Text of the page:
Carlsbad Caverns National Park: What Lies Underneath The Surface
As you drive through the Chihuahuan Desert in southern New Mexico; at first glance it may seem like every other ordinary desert, with miles of cacti and agave as far as the eye can see. But what many don't realize is that underneath the surface lies Carlsbad Caverns, a whole other world of wonder.
"Ok sir as you may or may not know the elevator is currently not working; so you'll be required to hike down the Natural Entrance for 1.25-mile and back out the same way," is that ok? The Park Ranger asked..."Yea that's fine, how steep is it? I replied, "750 feet!" Wait... what? At first, the 750 feet made me a bit nervous, but nevertheless I showed my parks pass and confidently agreed to hike down into Carlsbad Caverns.
Up until that point I had never been inside of a cavern, or any type of cave for that matter, but as soon as I saw the trail leading down into the dark abyss I was filled with excitement. I had seen this zig-zagged entrance photographed countless times, and it looked even better in person. During the months of April to September, a colony of up to 300,00 Mexican free-tail bats emerges from the cave at sunset, which I'm told is an incredible and surreal experience. Unfortunately for me it was March and I was told that the bats spend winter in the warmer climate of Mexico... probably sipping margaritas... or at least that's what I'd be doing.
As soon as you walk into the cavern, you are instantly greeted with a unique smell and some humidity. It was also much colder than expected, with a year round temperature of 56°F. But after a while of walking down the steep and windy trail, that cool temperature was a blessing. I was in constant awe... I had never seen anything like it. At every corner there was something new to see. I could only imagine how Jim White, the first person to explore the caverns, felt as he stumbled across this incredible place as a young boy. In fact, many of the rooms and formations are still called by the names that he gave them.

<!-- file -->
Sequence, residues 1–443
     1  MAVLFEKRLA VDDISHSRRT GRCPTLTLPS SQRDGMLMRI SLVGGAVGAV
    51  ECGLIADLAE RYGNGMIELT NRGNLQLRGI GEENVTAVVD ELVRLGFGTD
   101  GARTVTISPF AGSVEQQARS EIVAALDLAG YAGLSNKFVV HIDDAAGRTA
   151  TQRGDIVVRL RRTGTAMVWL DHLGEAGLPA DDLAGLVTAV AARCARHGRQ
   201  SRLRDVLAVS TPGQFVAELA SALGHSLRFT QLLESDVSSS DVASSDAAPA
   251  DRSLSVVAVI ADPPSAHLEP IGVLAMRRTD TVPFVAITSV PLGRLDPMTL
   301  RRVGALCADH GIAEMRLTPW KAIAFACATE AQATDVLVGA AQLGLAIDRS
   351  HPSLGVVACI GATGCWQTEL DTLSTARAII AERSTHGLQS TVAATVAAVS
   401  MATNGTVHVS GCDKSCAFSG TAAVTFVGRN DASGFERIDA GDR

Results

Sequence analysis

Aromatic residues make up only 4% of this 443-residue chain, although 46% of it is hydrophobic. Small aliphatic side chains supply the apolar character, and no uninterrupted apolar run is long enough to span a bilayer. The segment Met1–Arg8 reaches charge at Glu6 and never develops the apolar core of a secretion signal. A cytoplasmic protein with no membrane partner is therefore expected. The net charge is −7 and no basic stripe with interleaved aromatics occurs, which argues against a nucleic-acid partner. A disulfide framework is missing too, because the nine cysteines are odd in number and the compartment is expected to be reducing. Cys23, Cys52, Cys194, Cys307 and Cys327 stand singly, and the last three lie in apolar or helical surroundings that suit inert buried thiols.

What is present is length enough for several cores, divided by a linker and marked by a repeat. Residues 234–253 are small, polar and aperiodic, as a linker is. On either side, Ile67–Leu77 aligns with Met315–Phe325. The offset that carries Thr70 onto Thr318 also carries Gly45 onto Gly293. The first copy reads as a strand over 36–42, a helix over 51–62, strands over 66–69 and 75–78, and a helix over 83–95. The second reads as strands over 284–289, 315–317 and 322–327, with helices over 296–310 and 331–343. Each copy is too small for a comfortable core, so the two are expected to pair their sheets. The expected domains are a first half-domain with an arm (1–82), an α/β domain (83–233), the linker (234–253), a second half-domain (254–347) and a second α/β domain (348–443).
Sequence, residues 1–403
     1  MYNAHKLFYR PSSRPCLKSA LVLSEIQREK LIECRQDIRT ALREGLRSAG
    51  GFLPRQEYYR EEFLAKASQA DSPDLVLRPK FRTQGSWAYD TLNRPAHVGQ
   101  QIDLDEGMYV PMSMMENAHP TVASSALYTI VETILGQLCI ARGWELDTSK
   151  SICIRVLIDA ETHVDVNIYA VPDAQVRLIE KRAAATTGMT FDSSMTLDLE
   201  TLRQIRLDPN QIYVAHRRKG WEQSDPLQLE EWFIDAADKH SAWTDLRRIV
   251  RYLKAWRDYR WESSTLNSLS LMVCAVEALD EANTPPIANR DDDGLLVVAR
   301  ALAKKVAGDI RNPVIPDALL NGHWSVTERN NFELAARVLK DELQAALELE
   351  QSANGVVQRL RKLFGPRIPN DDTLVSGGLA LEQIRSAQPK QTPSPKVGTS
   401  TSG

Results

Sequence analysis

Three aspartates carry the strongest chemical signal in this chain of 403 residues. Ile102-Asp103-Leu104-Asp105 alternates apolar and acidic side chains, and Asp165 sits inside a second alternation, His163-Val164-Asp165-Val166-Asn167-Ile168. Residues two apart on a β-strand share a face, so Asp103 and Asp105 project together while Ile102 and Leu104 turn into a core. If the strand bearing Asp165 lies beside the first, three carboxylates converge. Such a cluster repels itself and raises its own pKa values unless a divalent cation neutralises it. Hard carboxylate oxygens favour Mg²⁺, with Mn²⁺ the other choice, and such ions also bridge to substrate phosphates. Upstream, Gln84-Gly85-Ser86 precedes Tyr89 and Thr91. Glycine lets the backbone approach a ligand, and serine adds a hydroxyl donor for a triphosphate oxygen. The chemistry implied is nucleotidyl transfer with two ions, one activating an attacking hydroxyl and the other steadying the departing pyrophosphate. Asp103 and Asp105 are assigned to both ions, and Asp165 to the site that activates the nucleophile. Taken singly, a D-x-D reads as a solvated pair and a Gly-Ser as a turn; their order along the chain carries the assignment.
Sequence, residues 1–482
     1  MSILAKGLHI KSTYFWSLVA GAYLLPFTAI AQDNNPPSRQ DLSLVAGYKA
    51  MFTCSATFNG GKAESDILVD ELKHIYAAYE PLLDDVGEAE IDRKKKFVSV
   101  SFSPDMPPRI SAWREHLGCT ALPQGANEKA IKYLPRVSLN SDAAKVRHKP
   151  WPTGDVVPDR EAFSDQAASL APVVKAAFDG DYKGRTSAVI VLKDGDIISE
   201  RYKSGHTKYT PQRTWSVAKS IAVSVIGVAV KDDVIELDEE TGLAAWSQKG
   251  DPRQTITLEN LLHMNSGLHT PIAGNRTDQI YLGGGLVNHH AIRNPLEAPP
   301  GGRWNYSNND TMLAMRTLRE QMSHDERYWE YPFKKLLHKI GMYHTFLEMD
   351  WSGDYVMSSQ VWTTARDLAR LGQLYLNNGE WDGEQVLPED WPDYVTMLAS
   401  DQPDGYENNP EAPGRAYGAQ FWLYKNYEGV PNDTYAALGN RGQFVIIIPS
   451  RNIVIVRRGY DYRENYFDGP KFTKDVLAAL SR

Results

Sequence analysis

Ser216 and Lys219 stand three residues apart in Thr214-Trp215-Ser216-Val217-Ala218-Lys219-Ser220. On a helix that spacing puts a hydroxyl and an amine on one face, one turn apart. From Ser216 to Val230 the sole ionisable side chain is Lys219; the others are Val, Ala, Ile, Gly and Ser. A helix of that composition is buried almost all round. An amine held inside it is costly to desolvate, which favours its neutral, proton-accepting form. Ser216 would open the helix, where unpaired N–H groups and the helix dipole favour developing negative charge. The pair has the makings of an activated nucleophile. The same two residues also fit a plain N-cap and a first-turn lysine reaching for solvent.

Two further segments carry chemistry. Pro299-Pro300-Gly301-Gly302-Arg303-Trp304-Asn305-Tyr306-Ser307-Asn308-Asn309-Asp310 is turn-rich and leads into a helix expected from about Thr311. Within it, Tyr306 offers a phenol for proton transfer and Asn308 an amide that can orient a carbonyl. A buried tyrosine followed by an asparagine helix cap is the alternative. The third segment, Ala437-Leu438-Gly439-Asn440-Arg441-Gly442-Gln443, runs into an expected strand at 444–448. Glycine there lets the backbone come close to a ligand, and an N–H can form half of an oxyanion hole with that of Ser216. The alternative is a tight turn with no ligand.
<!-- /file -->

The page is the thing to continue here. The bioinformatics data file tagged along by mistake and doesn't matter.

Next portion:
In May of 1930, Carlsbad Caverns was officially established and recognized as a National Park. Visitors to the cavern had to walk down a switch back ramp that took them 750 feet below the surface. The walk back up was tiring for a lot of visitors, so in 1932 the national park opened up a large visitor center that contained two elevators. They made it easier for visitors to experience the caverns below... not easier for me though, these were same elevators that weren't working on the day that I arrived.
One of the parks most prominent cave chambers is the Big Room. It's about 8.2 acres in size, which is equivalent to roughly 6.2 football fields! It's name is definitely fitting, especially being the largest single cave chamber by volume in North America. Other caves might be longer or deeper, but few can live up to the grandeur of the Big Room.
When it seems like so much of this planet has already been explored, it's incredible to know that there's still places like Carlsbad Caverns that have yet to be fully discovered. It's no wonder as to why the great Ansel Adam's once described it as “something that should not exist in relation to human beings. Something that is as remote as the galaxy, incomprehensible as a nightmare, and beautiful in spite of everything.”